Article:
A Metropolitan Council crew conducted a Kenilworth Corridor tree survey during the winter of 2013–2014. Credit: File photo

A Metropolitan Council crew conducted a Kenilworth Corridor tree survey during the winter of 2013–2014. Credit: File photo

Southwest light rail protest to highlight loss of trees

Updated: November 2, 2015 - 12:43 pm

Lakes and Parks Alliance of Minneapolis sponsors “Speak for the Trees Day” Nov. 7

KENWOOD — A protest planned for Nov. 7 aims to draw attention to the hundreds of trees that will be lost during Southwest Light Rail Transit construction in Minneapolis’ Kenilworth Corridor.

“Speak for the Trees Day” is sponsored by Lakes and Parks Alliance of Minneapolis. The group is also behind an ongoing federal lawsuit claiming violations of state and federal environmental review rules by Metropolitan Council, the agency leading the $1.77-billion transportation project.

“The goal of it is to demonstrate the extent of the destruction that would take place,” Mary Pattock, an alliance spokesperson, said.

The alliance is encouraging families to attend the event. They plan to tie green ribbons around hundreds of trees in the Kenilworth Corridor to highlight just how many trees could disappear when construction of a station, light rail tracks and shallow tunnel begins in 2017.

In a press release announcing the event, the alliance states as many as 5,000 “fully mature” trees could be cut down, a loss that “would significantly and permanently damage Minneapolis air quality” and offset the environmental benefits of a new mass transit service expected to transport thousands of people a day when it opens in 2020.

The project extends the light rail Green Line already running between St. Paul and Minneapolis another 14.5 miles to Eden Prairie. It is the largest transit project in Minnesota history.

Running light rail through the Kenilworth Corridor remains controversial years after the local governments cooperating on the transit project agreed on that route as the “locally preferred alternative.” Many argued for a route that would’ve sent trains through densely populated Uptown, but that alternative lost out in part because the area is already well-served by Metro Transit buses.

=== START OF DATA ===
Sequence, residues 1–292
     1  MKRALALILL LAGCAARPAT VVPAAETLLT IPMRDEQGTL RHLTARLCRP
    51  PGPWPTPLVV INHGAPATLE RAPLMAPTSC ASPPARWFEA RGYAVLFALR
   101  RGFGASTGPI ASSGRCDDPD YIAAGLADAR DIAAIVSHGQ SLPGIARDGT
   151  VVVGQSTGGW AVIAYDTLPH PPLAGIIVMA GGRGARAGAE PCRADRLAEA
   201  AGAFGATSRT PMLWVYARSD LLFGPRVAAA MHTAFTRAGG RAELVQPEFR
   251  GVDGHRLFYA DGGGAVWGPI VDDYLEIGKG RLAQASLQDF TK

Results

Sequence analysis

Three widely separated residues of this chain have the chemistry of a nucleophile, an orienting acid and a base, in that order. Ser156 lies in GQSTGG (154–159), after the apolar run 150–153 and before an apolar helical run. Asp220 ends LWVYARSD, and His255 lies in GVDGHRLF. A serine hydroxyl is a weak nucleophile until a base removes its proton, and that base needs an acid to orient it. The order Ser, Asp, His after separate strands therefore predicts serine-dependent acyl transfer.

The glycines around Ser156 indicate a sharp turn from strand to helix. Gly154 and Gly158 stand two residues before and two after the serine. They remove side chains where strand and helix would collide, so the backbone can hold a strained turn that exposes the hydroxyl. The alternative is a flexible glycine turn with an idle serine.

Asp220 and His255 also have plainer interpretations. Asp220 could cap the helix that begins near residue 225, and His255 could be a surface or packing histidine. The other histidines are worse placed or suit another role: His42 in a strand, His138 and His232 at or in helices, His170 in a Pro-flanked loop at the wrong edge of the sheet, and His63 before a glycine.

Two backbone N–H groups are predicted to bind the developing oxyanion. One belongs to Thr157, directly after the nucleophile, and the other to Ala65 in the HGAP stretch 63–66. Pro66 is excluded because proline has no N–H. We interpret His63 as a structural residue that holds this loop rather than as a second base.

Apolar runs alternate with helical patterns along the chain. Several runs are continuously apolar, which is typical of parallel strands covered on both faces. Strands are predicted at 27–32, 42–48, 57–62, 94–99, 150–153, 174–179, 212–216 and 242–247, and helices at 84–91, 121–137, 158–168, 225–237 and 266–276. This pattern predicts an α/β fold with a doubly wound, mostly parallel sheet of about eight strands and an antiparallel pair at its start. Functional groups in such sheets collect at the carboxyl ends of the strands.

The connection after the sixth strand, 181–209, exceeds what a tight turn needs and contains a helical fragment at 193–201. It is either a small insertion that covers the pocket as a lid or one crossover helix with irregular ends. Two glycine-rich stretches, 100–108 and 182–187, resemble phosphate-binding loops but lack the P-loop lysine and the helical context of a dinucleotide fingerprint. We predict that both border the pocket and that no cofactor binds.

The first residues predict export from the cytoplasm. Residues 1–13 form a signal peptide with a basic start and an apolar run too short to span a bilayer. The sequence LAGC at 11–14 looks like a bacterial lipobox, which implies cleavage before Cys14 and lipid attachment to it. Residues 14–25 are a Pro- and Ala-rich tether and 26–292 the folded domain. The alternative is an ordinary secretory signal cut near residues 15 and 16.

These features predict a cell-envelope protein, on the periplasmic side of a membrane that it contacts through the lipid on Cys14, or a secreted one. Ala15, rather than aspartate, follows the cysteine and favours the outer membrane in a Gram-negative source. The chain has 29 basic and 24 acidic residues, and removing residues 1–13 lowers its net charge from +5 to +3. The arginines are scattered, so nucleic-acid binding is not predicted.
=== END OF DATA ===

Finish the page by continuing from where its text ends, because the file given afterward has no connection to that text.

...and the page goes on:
From December 2013 to January 2014, a Met Council crew that included a state-certified tree inspector conducted a survey of the trees and vegetation growing in the Kenilworth Corridor. The study area was a 1.3-mile segment of the corridor north of West Lake Street and south of Interstate 394.

The crew recorded 480 “significant trees” as defined by Minneapolis city code, meaning trees with at least a 12-inch diameter at the “breast height,” or roughly where an adult could wrap his arms around the tree. Most were native softwoods, including cottonwood, elm and boxelder. Roughly one in ten had a diameter greater than 2 feet, including one with a diameter measured at 66 inches, or 5-and-a-half feet.

In total, the crew recorded 1,960 trees in the Kenilworth Corridor with a diameter at breast height, or DBH, of at least 6 inches. That finding appears to be at odds with Lake and Parks Alliance of Minneapolis’ claim that there are 5,000 mature trees in the corridor, which it also describes as home to the “largest urban forest” in Minneapolis.

In an email, Met Council spokesperson Laura Baenen wrote that the project office expects to preserve about 200 trees during construction. Project leaders also plan to make up for some of the losses by planting 485 new trees.

The Kenilworth Landscape Design Committee has been meeting since May to develop long-term vegetation plans for the corridor, as well.

The Speak for the Trees Day event is planned for 10:30 a.m.–noon Nov. 7. Those who wish to attend should gather in the Kenilworth Corridor near 2512 Upton Ave. S.

CLARIFICATION: Based on incorrect information provided by the Southwest Project Office, an earlier version of this story stated project managers expected to preserve 200–250 trees. The office’s actual estimate is 200 trees.